Energy Spectra of Vortex Distributions in Two-Dimensional Quantum Turbulence


We theoretically explore key concepts of two-dimensional turbulence in a homogeneous compressible superfluid described by a dissipative two-dimensional Gross-Pitaeveskii equation. Such a fluid supports quantized vortices that have a size characterized by the healing length $\xi$. We show that, for the divergence- free portion of the superfluid velocity field, the kinetic-energy spectrum over wave number $k$ may be decomposed into an ultraviolet regime $k\gg \xi^{-1} $ having a universal $k^{-3}$ scaling arising from the vortex core structure, and an infrared regime $k\ll \xi^{-1}$ with a spectrum that arises purely from the configuration of the vortices. The Novikov power-law distribution of intervortex distances with exponent $-1/3$ for vortices of the same sign of circulation leads to an infrared kinetic-energy spectrum with a Kolmogorov $k^{-5/3}$ power law, which is consistent with the existence of an inertial range. The presence of these $k^{-3}$ and $k^{-5/3}$ power laws, together with the constraint of continuity at the smallest configurational scale $k\approx\xi^{-1}$, allows us to derive a new analytical expression for the Kolmogorov constant that we test against a numerical simulation of a forced homogeneous, compressible, two-dimensional superfluid. The numerical simulation corroborates our analysis of the spectral features of the kinetic-energy distribution, once we introduce the concept of a clustered fraction consisting of the fraction of vortices that have the same sign of circulation as their nearest neighboring vortices. Our analysis presents a new approach to understanding two-dimensional quantum turbulence and interpreting similarities and differences with classical two- dimensional turbulence, and suggests new methods to characterize vortex turbulence in two-dimensional quantum fluids via vortex position and circulation measurements.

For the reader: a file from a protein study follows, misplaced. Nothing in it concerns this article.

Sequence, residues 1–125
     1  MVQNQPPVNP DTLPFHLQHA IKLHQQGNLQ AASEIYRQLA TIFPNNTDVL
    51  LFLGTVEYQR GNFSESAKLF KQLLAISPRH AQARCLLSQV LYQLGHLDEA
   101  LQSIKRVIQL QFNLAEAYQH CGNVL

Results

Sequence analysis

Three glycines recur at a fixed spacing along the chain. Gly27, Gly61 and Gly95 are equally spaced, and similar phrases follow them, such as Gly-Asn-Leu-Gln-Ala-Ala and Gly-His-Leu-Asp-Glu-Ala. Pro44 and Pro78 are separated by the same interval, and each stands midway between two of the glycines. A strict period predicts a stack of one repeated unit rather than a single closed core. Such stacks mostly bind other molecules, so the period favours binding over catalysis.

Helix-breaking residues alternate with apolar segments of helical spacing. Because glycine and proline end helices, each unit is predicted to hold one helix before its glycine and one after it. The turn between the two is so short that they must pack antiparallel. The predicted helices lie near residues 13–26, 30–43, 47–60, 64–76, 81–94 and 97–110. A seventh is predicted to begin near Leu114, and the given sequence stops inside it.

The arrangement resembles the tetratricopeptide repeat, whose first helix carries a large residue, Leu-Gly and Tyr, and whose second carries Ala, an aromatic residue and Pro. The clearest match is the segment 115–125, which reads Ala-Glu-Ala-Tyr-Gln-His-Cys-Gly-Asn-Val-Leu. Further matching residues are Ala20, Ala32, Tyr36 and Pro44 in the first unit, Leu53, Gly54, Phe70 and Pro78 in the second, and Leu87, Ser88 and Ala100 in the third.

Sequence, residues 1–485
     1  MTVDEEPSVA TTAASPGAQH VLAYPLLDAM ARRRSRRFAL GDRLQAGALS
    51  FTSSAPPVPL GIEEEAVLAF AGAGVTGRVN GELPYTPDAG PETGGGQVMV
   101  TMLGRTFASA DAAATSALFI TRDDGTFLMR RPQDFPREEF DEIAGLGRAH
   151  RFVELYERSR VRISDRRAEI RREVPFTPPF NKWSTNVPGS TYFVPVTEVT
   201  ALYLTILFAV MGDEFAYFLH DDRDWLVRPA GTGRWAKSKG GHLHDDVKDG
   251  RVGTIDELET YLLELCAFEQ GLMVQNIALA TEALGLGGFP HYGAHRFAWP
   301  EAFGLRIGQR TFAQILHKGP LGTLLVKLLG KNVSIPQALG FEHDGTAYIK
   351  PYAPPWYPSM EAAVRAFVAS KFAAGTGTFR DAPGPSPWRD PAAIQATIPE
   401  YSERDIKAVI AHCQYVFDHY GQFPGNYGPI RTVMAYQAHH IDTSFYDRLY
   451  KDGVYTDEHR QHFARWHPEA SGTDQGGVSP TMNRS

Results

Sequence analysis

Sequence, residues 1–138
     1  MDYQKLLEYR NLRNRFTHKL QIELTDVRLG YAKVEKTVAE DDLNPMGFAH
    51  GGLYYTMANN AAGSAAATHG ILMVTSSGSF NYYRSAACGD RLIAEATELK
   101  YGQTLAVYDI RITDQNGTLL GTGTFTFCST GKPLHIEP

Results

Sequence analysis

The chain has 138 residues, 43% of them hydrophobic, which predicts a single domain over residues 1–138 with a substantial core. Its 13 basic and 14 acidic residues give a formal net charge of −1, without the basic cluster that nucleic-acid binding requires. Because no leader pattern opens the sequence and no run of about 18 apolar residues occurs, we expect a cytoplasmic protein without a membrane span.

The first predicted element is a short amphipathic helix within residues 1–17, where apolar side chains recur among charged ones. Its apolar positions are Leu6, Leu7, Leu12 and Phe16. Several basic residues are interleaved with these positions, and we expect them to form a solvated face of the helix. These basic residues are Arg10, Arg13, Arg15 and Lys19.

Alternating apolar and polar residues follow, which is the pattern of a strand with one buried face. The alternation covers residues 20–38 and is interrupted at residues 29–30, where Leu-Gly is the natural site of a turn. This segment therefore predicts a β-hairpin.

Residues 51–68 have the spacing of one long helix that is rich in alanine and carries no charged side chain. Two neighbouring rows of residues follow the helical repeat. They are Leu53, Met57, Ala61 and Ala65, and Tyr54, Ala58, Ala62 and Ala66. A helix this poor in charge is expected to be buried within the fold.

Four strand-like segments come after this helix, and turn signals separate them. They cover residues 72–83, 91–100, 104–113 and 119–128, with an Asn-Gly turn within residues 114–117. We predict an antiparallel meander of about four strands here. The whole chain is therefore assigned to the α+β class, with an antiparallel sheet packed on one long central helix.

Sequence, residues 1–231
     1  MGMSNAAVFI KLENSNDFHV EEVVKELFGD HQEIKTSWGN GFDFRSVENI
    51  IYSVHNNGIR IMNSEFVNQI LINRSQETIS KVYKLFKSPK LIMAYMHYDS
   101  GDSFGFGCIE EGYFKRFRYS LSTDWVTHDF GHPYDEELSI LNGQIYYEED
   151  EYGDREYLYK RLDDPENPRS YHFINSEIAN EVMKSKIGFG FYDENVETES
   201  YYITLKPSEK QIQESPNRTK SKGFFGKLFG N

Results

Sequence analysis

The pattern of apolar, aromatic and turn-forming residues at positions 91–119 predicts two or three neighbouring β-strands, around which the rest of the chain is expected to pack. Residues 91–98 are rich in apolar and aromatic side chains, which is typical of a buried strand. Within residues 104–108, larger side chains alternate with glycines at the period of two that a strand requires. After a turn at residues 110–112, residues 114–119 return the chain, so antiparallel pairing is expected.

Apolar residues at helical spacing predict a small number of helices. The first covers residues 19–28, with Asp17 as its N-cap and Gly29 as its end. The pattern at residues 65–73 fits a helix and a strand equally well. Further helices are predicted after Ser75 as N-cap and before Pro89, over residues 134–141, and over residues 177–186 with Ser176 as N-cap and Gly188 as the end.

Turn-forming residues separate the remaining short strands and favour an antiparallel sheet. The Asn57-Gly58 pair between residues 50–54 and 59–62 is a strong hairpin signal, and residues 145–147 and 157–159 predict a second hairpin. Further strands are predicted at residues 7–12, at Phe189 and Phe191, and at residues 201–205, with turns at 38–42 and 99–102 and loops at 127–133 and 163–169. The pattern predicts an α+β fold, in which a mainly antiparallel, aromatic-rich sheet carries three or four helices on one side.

Physical Review X